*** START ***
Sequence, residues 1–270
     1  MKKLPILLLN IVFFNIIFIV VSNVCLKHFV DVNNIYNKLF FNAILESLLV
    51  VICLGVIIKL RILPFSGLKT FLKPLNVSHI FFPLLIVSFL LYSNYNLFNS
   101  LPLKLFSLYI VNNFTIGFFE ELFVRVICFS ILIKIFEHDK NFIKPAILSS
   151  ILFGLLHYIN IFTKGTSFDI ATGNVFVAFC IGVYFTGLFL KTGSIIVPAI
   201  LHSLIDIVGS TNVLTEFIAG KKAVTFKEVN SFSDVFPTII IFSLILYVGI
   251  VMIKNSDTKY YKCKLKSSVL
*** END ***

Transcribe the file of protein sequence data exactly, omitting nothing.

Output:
Sequence, residues 1–270
     1  MKKLPILLLN IVFFNIIFIV VSNVCLKHFV DVNNIYNKLF FNAILESLLV
    51  VICLGVIIKL RILPFSGLKT FLKPLNVSHI FFPLLIVSFL LYSNYNLFNS
   101  LPLKLFSLYI VNNFTIGFFE ELFVRVICFS ILIKIFEHDK NFIKPAILSS
   151  ILFGLLHYIN IFTKGTSFDI ATGNVFVAFC IGVYFTGLFL KTGSIIVPAI
   201  LHSLIDIVGS TNVLTEFIAG KKAVTFKEVN SFSDVFPTII IFSLILYVGI
   251  VMIKNSDTKY YKCKLKSSVL